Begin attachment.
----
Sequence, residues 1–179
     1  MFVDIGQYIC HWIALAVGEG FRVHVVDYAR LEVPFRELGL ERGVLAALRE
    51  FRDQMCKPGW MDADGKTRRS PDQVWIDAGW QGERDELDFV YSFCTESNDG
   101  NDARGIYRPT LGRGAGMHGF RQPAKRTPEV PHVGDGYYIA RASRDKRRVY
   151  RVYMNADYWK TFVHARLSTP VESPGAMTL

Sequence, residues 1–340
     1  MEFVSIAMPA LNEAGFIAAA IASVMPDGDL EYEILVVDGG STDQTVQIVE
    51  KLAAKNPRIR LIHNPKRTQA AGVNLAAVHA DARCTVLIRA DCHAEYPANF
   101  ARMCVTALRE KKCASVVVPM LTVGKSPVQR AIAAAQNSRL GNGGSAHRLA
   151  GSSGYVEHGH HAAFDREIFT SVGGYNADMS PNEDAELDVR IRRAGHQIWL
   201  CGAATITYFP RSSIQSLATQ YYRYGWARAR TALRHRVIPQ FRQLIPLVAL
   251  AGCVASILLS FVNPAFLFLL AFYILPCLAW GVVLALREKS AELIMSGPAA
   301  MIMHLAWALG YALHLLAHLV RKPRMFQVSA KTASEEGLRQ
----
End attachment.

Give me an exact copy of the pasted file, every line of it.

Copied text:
Sequence, residues 1–179
     1  MFVDIGQYIC HWIALAVGEG FRVHVVDYAR LEVPFRELGL ERGVLAALRE
    51  FRDQMCKPGW MDADGKTRRS PDQVWIDAGW QGERDELDFV YSFCTESNDG
   101  NDARGIYRPT LGRGAGMHGF RQPAKRTPEV PHVGDGYYIA RASRDKRRVY
   151  RVYMNADYWK TFVHARLSTP VESPGAMTL

Sequence, residues 1–340
     1  MEFVSIAMPA LNEAGFIAAA IASVMPDGDL EYEILVVDGG STDQTVQIVE
    51  KLAAKNPRIR LIHNPKRTQA AGVNLAAVHA DARCTVLIRA DCHAEYPANF
   101  ARMCVTALRE KKCASVVVPM LTVGKSPVQR AIAAAQNSRL GNGGSAHRLA
   151  GSSGYVEHGH HAAFDREIFT SVGGYNADMS PNEDAELDVR IRRAGHQIWL
   201  CGAATITYFP RSSIQSLATQ YYRYGWARAR TALRHRVIPQ FRQLIPLVAL
   251  AGCVASILLS FVNPAFLFLL AFYILPCLAW GVVLALREKS AELIMSGPAA
   301  MIMHLAWALG YALHLLAHLV RKPRMFQVSA KTASEEGLRQ